Flagg and the boy slid down to the wagon tongue, unhitched the horses, mounted them, and galloped away, keeping the load of hay between them and the raiders until out of range.
The raiders, not having their horses handy, did not follow, but turned their attention once more to Champion.
The load of hay was pushed against the cabin on the windward side and fired. Soon the flames spread to the roof, and the rafters began to fall.
Champion threw the door open and made a dash for a dry gully which ran back of the house. Long before he could reach it, he fell, cut to pieces by the bullets of the leading citizens of Cheyenne and their imported assistants.
Meantime Jack Flagg had galloped far, like another Paul Revere, carrying the news of the invasion to the ranches.
Scores of riders were out before nightfall, rousing the country. It was rightly believed that the raiders’ objective point was Buffalo, in Johnson County, about a hundred miles north of the railroad.
In the jail at Buffalo were two of the cattlemen’s “detectives,” awaiting trial for the murder of ranchers. The cattle men, fearing these men might talk too much in an effort to gain clemency, intended to take them from jail and deal with them in the quickest and best manner of silencing testimony.
The so-called rustlers gathered at Buffalo to the number of three hundred, marched southward, and met the invaders at the T. A. Ranch, thirteen miles from Fort McKinney.
The invaders had thrown up earthworks around the ranch house and were prepared for a siege. Rifle pits were dug at night by the besiegers, and the line of assault was carried so near the ranch house that things began to get mighty uncomfortable for the barons and their hired retainers.
A battle was fought on April 12, in which three of the invaders were killed.
That night one of the eminent men in the invading force escaped and made his way to the railroad in friendly territory. He sent messages to the Wyoming representatives in Congress, with the result that President Harrison was roused in the middle of the night and told that an army of cattle thieves had risen in Johnson County, Wyoming, and was even then besieging with murderous intent several of the most prominent citizens of that state.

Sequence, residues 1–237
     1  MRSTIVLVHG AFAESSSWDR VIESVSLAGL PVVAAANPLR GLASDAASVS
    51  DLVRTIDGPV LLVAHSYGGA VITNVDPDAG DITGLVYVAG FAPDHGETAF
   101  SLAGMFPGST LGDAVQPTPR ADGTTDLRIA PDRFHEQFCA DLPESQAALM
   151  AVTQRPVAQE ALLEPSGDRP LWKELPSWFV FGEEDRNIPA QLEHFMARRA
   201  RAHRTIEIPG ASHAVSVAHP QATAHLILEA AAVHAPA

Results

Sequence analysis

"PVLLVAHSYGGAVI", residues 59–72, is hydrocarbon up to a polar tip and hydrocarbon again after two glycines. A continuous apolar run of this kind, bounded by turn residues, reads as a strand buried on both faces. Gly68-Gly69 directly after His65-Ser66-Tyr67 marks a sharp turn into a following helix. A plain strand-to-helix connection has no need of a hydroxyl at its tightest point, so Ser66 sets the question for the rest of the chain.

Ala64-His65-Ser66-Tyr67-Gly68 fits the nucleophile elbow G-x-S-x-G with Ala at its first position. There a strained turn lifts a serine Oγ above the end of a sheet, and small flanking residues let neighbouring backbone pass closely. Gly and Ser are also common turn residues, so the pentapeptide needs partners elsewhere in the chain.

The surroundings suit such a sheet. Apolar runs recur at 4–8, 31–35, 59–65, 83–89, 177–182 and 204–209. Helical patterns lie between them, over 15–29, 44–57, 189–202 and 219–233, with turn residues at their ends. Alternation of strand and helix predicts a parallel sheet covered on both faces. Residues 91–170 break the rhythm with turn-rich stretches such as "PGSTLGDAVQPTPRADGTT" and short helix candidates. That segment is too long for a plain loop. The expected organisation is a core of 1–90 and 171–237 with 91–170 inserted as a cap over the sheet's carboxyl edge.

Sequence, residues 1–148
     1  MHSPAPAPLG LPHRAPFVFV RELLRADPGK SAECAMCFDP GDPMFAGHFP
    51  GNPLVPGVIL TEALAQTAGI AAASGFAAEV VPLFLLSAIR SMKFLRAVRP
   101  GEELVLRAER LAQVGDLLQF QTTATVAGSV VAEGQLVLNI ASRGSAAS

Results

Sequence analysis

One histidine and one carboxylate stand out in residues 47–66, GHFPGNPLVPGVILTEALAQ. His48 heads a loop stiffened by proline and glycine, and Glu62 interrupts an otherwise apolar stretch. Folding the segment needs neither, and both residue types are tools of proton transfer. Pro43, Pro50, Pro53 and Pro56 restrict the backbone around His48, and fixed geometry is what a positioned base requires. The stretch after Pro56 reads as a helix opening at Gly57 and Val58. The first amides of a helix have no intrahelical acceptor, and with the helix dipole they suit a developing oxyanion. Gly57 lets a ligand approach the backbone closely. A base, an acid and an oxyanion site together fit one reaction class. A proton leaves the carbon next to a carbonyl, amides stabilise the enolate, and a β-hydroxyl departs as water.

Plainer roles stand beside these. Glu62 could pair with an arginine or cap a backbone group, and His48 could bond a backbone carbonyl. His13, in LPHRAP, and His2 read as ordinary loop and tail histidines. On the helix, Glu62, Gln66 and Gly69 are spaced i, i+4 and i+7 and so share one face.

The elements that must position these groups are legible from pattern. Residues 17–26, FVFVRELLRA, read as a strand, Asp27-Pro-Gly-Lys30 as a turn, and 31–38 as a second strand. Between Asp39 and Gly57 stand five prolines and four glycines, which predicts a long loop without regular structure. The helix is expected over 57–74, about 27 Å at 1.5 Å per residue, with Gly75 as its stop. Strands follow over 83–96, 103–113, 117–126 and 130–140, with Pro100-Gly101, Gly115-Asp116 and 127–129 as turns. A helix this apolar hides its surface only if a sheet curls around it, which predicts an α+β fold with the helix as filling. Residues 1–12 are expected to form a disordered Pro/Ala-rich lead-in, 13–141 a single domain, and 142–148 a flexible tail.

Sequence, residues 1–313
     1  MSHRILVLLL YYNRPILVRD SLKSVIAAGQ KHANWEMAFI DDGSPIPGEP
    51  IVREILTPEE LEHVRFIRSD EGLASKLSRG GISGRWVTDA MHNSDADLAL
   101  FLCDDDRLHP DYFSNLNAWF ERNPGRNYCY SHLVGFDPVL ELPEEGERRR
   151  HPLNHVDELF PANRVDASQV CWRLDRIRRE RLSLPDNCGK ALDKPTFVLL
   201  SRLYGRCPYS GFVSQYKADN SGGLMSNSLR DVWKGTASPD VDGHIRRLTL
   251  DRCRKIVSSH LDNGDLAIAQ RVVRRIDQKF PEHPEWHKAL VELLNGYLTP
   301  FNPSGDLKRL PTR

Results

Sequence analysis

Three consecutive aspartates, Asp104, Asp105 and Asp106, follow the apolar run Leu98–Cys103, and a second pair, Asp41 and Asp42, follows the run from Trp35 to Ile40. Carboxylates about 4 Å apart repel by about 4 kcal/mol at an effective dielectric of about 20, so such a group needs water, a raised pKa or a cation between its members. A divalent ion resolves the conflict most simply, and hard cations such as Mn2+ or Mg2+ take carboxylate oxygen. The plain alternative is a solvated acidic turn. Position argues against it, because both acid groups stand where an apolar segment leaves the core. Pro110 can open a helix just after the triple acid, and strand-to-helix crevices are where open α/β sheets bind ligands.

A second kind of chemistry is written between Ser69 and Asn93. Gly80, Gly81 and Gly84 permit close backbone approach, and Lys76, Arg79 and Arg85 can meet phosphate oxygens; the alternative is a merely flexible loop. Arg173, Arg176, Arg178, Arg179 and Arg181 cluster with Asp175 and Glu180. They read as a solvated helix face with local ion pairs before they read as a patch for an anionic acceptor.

It was neither asked nor explained how the prominent citizens got into such a pickle; but the president ordered the commanding officer of Fort McKinney to send troops to the T. A. Ranch and protect the invaders.
The troops arrested the invaders. If they had been a day later, there would have been nobody to arrest.
For the rustlers had pushed their rifle pits close to the entrenchments, and intended to make an assault that night.
The invaders were lodged for a time at Fort McKinney, and later taken in wagons, under a strong guard of cavalry, through many perils and close escapes, to the railroad at Douglas and thence to Fort Russell.
There was great indignation at Cheyenne because the plans of the invaders had been interfered with.
What was Wyoming coming to, anyway, if a party of gentlemen could not go out and shoot a few inconsequential people that stood in their way!
The prisoners were fêted and coddled by the ladies of Cheyenne, but the people of Johnson County sternly demanded of the governor that he surrender them to the sheriff of that county for trial on the charge of murder.
Guarded by soldiers, the prisoners were returned to Buffalo for trial. Then the difficulty of obtaining a jury arose.
The vote of Johnson County at that time numbered 800, and 250 of the electors were women.
Women were not desired as jurors by either side. Counting them out, with the 300 men engaged in repelling the invaders, which act disqualified them, and granting to the defendants the 500-odd peremptory challenges allowed by law, the venire of Johnson County was exhausted.
The prosecution could not take a change of venue, and the defendants, under these circumstances, did not want it.
So, there being no chance of obtaining a jury until the population of Johnson County should materially increase, the prisoners were admitted to bail. They have not been tried to this day.
This close rub for the cattle barons did not serve to make them any better, although the experience sharpened their caution.
Instead of themselves venturing forth again, they went back to the old method of hiring “detectives.”
The last and most notorious of this murderous gang was hanged in Cheyenne about ten years ago.
The cattlemen’s feud ended shortly after, but only when settlers began to claim their rights upon the public domain and to demand protection from the Government.
That put an end to the cattle barons’ sway.
Even now it is no unusual sight to see the Government forces tearing down the fences of cattlemen on the plains of Wyoming, Idaho and Montana.
The Wyoming State Quarter Coin shows with cattlemen images from 1892.